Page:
Trauma Informed Care, Yesterday to Today

Being a non-profit working with young and old adults involved within the criminal justice system, we hear the term Trauma Informed Care more often than not. As a matter of fact, the term, especially when dealing with alternatives to incarceration, our criminal justice system, and effective reintegration, is in the limelight right now. According to those in the know:

Trauma Informed Care is an organizational structure and treatment framework that involves understanding, recognizing, and responding to the effects of all types of trauma.

I remember growing up and how the word trauma was tagged (exclusively) to a military setting. No doubt, heading off to war can (and often will) directly affect the individual; of that there is little dispute. Way back when, it was rare that anyone not directly involved with the military was recognized as shouldering post-traumatic stress.

Unfortunately, family members left behind were often forgotten about or brushed to the side when it came to trauma… out of sight… their voice was rarely heard.

Jumping from childhood to well into adulthood, the consequence of trauma has been expanded to those outside of the military to include individuals indirectly involved in the incident or event. With such an expansion recognized, recovery is being addressed in a more effective manner… no more out of sight… their voice will be heard.

By today’s standards, traumatic experiences requiring care ranges from the obvious to the not-so-obvious. When it comes to our vulnerable youth and the effects of trauma, the world, neighborhood, and home can create an ever-lasting impression on the heart, mind, and soul; without proper care, these youth are at risk.

Beneath the trauma inducing umbrella are events such as:

Natural disaster
Death of a loved one
Being in a car accident
Child witnessing home abuse
Family member going to prison
Loud noises, gun shots being heard
Shootings and/or neighborhood fighting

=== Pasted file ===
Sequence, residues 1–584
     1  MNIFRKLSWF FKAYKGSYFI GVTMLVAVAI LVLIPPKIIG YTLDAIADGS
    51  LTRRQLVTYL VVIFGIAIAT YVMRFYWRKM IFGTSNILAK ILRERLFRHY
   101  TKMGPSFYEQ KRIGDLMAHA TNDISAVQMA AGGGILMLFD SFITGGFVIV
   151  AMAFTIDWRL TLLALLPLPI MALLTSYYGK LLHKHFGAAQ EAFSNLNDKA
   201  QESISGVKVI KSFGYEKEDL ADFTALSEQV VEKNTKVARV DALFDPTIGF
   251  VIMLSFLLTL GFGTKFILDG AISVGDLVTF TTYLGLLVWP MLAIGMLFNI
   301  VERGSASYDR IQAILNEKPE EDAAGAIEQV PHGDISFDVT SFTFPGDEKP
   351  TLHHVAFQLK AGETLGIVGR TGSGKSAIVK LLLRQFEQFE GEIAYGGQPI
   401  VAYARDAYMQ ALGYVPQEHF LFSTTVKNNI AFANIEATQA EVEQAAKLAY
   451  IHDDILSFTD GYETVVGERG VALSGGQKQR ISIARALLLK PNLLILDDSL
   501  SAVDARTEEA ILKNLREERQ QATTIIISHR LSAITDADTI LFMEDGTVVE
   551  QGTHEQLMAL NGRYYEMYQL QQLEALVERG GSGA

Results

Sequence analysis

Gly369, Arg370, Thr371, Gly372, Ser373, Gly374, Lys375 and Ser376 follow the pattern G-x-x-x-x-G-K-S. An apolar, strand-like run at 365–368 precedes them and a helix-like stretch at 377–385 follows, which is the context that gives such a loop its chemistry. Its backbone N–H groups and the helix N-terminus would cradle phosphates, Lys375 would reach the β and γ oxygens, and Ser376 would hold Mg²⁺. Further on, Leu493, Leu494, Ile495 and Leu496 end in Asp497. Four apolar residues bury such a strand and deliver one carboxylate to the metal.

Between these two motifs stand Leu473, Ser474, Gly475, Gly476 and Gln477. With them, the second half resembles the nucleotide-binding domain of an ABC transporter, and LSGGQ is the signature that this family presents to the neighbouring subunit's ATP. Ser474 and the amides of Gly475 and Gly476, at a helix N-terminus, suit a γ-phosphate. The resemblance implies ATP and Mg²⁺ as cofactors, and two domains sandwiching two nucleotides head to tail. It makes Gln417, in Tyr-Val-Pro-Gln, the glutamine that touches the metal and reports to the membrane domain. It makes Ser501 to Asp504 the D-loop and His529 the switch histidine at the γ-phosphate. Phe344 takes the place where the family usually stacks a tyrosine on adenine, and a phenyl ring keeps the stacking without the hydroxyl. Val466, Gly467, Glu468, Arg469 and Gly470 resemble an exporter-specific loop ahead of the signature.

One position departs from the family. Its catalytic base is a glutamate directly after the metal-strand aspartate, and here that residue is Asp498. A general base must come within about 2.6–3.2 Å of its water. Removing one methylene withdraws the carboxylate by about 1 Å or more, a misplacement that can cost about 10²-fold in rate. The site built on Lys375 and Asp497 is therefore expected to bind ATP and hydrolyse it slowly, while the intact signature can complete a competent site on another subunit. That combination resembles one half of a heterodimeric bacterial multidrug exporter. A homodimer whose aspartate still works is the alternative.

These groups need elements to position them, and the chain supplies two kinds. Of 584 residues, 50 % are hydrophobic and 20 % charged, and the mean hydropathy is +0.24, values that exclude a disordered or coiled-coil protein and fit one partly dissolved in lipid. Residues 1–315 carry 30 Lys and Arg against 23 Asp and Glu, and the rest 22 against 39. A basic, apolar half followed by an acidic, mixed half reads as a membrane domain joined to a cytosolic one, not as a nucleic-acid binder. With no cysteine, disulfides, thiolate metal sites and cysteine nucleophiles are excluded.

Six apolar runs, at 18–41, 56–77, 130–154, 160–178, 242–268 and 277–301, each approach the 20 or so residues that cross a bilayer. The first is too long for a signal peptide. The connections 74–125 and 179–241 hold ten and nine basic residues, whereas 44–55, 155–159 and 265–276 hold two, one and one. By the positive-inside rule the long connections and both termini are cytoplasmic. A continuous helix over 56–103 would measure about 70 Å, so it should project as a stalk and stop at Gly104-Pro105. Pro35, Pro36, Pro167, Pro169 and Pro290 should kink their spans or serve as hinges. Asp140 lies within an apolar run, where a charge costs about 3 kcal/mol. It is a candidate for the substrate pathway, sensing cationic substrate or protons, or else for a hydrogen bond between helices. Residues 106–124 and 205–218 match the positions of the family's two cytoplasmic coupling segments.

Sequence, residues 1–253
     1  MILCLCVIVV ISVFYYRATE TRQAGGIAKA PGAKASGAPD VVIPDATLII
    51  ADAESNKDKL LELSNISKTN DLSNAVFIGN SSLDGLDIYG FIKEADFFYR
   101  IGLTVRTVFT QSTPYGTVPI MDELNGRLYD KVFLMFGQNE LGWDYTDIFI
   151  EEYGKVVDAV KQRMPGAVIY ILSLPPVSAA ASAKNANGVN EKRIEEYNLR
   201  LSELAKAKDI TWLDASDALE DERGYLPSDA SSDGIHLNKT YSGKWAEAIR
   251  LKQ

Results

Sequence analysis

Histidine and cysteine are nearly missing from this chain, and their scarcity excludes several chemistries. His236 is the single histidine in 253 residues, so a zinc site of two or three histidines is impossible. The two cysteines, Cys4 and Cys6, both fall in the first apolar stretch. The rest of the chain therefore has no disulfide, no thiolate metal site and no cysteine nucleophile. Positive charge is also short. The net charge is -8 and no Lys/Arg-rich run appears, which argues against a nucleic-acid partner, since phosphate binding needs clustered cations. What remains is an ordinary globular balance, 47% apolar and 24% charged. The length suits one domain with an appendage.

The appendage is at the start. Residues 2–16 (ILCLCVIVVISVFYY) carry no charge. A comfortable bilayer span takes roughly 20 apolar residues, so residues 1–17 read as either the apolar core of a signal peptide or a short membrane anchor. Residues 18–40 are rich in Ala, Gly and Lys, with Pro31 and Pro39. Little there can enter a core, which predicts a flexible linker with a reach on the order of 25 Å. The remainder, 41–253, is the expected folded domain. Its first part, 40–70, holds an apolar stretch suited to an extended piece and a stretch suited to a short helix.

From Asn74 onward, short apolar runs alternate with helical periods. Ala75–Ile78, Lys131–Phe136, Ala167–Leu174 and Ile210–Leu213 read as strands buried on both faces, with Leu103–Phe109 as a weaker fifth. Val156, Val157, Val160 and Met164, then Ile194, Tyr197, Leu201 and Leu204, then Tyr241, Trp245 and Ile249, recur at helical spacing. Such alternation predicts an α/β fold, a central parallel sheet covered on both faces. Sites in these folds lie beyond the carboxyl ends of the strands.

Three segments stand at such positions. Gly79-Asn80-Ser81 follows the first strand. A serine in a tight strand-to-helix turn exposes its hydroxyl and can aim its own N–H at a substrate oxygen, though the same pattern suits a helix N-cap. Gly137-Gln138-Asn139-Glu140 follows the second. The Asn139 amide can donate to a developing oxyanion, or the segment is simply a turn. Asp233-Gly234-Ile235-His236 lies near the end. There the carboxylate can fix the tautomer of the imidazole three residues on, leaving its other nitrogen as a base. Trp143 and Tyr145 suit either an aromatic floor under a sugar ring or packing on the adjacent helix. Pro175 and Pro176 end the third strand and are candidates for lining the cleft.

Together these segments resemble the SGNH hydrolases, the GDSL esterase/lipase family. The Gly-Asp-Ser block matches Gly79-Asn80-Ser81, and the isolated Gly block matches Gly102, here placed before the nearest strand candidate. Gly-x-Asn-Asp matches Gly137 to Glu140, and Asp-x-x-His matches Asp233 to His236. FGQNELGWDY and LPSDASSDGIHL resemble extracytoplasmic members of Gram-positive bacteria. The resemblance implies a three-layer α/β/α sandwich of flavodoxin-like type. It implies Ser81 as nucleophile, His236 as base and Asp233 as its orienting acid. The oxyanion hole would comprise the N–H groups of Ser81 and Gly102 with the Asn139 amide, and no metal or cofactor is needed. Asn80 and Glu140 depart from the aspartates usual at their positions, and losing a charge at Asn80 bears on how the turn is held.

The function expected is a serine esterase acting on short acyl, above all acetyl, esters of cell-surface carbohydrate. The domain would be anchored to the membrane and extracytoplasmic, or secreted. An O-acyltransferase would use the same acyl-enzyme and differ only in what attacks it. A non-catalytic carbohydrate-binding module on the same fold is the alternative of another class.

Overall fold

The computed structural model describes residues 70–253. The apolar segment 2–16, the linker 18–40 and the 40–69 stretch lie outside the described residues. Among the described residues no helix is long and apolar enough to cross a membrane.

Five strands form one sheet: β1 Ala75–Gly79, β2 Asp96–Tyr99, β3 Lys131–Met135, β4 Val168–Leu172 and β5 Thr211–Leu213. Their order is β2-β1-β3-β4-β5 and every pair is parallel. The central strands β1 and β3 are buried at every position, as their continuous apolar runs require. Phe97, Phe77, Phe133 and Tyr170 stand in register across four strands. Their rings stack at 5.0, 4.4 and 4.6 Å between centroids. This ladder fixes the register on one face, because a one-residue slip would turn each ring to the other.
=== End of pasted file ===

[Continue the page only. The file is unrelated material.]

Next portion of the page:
Child being the victim of abuse, physical and/or emotional

The above is not all-inclusive but should give you an idea as to what we are dealing with.

On a personal level, the following happened years ago, which, if handled incorrectly, could have changed the path of two very young boys:

When my two boys were just three and four years of age, I purchased two living ducklings as an Easter present (before you panic, we lived on a farm so this was normal activity). My boys were in total awe at the new addition and insisted the ducks stayed in the house. I allowed.

On the second night, the new addition remained inside and in a cardboard box like the night before. After much quacking and smelling of duck poop, around 4:00 am, I placed the cardboard box outside, just within reach of the door. Unfortunately the night was a bit too cold and the ducks did not make it.

My boys woke to the sound of silence as they stepped out to an unexpected event. They both were very upset, shed tears, and did not understand what had happened. That morning, I sat the boys down and explained in a calm and empathetic way what had happened. Over the next few days we had gentle and sensitive talks about it and before long, all was fine.

Though insignificant in comparison, if handled without care and empathy, the event could have made a rippling psychological scar of one or both of my boys.

If a traumatic event happens to someone in your life, do know there are general things one can do to minimize lifelong effects. In my situation outlined above, I remained patient and understanding, allowing deep and meaningful discussions (even though the boys were very young, they deserved respect, a voice, warmth, and empathy).

Simply being there is the first step, as for second and third steps, we’ll review what the experts in the field suggest in articles to come.

To help all of us progress, I welcome your stories to be added into our series.

If you chose to share, email me directly at dhuffman@2ndChanceUniversity.org.

Danny Huffman,
Founder and Journeyman
2nd Chance University

Advertisements

Leave a Reply

Fill in your details below or click an icon to log in:

WordPress.com Logo

You are commenting using your WordPress.com account. Log Out /  Change )

Google+ photo

You are commenting using your Google+ account. Log Out /  Change )

Twitter picture

You are commenting using your Twitter account. Log Out /  Change )

Facebook photo

You are commenting using your Facebook account. Log Out /  Change )

w

Connecting to %s